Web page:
For six months documentarian Janus Metz embedded with Danish troops at a forward operating base in Helmand Province, Afghanistan, to shoot the 2010 documentary Armadillo. Most of his subjects are barely old enough to shave but just the right age to have grown up playing first-person-shooter video games, which they do to kill time when not trampling villagers’ crops while on patrol outside the base.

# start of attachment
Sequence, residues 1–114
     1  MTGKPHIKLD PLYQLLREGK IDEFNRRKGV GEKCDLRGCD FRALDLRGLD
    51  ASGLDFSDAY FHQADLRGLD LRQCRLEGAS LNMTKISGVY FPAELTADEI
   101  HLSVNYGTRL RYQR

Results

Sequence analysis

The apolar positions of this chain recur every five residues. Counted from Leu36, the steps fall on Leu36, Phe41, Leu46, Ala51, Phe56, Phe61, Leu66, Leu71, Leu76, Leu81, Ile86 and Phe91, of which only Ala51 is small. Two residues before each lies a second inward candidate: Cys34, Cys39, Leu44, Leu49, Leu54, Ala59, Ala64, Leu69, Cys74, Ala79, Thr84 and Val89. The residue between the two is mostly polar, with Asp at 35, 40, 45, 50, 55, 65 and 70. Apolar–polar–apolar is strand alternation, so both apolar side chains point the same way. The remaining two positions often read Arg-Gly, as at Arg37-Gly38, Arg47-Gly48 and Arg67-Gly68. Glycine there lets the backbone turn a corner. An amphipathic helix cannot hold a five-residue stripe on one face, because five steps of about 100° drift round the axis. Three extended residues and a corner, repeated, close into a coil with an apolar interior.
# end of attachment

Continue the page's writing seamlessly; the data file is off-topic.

Metz’s cameras seem to pervade every second of the soldiers’ lives, whether they’re watching porn during downtime, killing five Taliban in a wooded ravine at the film’s climax, or boasting about it during their post-firefight adrenaline high. The documentary sparked controversy in Denmark over whether the soldiers broke rules of engagement during the encounter; it’s unclear from the film. Metz’s unrestrained access, combined with post-production work that yielded glossy footage and seemingly scripted scenes, can make you forget you’re watching a documentary. When you remember, it’s harrowing. —Tate Watkins